Schools with Criminal Pathology Programs: How to Choose

Criminal pathology is part of the larger field of forensics. Associate's and bachelor's degree programs in forensic science train students to work as criminal pathology lab technicians; to become a board-certified criminal pathologist, one must go to medical school and complete a pathology residency.

Criminal pathology can be studied at various levels; students can choose the type of program that best meets their needs. Associate's and bachelor's degree programs in forensic science are available at 2- and 4-year schools throughout the nation, while medical school graduates who wish to become pathologists will find residencies at medical schools, which usually take about 4-6 years to complete.

Schools with Forensic Science Programs

These schools offer relevant programs in forensic science and related fields for students who are interested in criminal pathology:

College/University Location Institution Type Degrees Offered Tuition (In-state, 2015-2016)*
Eastern Florida State College Cocoa, FL 4-year, Public Associate's $2,496
George Mason University Fairfax, VA 4-year, Public Bachelor's, Master's, Graduate Certificate $10,952 undergrad, $10,328 graduate
Iowa State University Ames, IA 4-year, Public Graduate Certificate $8,130
Michigan State University East Lansing, MI 4-year, Public Master's $16,122
Pennsylvania State University - Main Campus University Park, PA 4-year, Public Bachelor's, Master's $17,514 undergrad, $19,328 graduate
Southern Utah University Cedar City, UT 4-year, Public Master's $7,034 graduate
University of Maryland - University College Adelphi, MD 4-year, Public Bachelor's $7,056
University of North Dakota Grand Forks, ND 4-year, Public Bachelor's $7,965
West Virginia University Institute of Technology Montgomery, WV 4-year, Public Bachelor's $6,336

Source: *National Center for Education Statistics

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School Selection Criteria

Here are some considerations for students choosing between schools in this field:

  • Students should look for schools that have been accredited by the Forensic Science Education Accreditation Commission (FEPAC), as these schools may better prepare students to pass licensure examinations or to work in the field.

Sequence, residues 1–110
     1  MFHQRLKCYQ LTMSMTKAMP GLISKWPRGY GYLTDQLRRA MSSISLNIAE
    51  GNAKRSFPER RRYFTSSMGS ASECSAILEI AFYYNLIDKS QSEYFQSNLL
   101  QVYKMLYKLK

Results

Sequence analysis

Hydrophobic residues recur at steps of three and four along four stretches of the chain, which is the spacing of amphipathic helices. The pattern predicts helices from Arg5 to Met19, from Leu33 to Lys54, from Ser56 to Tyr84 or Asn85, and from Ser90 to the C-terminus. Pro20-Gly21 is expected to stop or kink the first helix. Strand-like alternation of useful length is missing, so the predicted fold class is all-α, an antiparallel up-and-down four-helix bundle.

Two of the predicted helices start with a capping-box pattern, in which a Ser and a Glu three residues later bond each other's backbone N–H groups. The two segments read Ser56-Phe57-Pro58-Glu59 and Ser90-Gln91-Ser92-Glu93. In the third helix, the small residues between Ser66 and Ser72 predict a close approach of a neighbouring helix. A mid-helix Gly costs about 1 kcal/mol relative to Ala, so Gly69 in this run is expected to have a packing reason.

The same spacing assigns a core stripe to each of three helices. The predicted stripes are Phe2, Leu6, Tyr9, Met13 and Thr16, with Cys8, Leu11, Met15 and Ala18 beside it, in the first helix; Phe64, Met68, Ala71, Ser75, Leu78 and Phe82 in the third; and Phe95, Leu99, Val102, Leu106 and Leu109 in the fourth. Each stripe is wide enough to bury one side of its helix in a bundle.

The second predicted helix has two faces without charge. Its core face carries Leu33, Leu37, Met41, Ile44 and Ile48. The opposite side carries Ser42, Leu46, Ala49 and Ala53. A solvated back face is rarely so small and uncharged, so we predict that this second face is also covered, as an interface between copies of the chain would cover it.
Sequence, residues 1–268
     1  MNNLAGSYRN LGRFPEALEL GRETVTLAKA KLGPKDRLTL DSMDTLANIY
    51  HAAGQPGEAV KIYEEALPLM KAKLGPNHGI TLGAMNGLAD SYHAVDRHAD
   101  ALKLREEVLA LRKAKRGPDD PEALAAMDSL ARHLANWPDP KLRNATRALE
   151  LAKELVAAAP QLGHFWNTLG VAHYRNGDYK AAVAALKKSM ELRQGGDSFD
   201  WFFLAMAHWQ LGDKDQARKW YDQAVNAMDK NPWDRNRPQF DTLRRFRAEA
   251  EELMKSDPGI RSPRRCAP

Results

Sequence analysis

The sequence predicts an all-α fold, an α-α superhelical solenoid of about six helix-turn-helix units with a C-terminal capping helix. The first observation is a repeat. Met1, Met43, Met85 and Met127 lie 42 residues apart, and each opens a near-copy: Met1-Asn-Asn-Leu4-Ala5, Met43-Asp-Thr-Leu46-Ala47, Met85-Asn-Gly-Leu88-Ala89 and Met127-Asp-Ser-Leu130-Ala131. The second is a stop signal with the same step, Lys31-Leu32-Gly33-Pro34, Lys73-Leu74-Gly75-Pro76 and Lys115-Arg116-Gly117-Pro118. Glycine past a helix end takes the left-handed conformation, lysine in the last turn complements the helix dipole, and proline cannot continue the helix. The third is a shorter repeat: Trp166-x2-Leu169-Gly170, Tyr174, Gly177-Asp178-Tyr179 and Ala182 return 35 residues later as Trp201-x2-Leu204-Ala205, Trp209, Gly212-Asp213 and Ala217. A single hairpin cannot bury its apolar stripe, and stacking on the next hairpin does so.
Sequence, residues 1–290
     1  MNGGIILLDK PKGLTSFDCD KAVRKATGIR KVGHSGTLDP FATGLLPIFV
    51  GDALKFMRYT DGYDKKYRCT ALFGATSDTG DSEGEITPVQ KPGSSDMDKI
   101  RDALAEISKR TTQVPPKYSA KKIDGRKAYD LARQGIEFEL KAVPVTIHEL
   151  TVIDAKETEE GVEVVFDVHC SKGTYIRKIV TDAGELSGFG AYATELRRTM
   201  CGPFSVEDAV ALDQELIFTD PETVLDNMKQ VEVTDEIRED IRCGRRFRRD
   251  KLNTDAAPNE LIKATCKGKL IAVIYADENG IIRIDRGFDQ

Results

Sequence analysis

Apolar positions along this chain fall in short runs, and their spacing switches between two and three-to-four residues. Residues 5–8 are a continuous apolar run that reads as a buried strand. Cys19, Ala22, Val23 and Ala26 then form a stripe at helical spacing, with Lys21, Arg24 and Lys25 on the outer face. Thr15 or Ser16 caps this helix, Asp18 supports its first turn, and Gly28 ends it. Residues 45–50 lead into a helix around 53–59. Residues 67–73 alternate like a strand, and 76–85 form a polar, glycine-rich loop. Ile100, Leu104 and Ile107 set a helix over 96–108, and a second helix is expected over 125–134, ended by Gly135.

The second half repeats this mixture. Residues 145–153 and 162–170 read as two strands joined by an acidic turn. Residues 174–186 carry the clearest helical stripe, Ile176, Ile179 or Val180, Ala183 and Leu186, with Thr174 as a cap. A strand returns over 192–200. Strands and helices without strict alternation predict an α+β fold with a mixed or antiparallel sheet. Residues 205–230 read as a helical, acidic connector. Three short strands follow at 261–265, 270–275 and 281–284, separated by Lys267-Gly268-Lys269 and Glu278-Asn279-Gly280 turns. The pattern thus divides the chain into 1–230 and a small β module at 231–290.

• Students with scheduling constraints may want to look for programs that offer courses partially or completely online, or programs that allow for part-time study.
  • Because studies in the field are offered at multiple levels, students should make sure they meet the program's minimum admissions requirements.

Associate's Degree in Forensics

Associate's degree programs related to criminal pathology can be found in forensics and criminal justice technology. Associate's degree programs consist of approximately 60 credit hours of general education and field-specific coursework. Credits earned are often transferable to a 4-year college or university.

Bachelor of Science in Forensic Science

Bachelor's degree students in forensic science learn the analysis techniques for drugs and DNA. An internship and a capstone research project may be required during their last year of study.

Master of Science in Forensic Science

Some programs allow students to specialize in a specific topic, such as criminal justice or forensic biochemistry. Many programs offer both a thesis and a non-thesis option. Some programs include internships in local pathology labs and mock-trial courtroom experience to prepare students to testify in court. This graduate program generally lasts for 2 years.

Forensic Pathology Residency Programs

Medical school graduates who wish to become pathologists need to complete a residency in pathology, which takes 4-6 years. Residencies require medical students to take courses and complete a 1-month rotation in a criminal pathology location, such as a medical examiner's office.

Students interested in criminal pathology can find relevant, accredited programs available at multiple educational levels and in several different scheduling formats.

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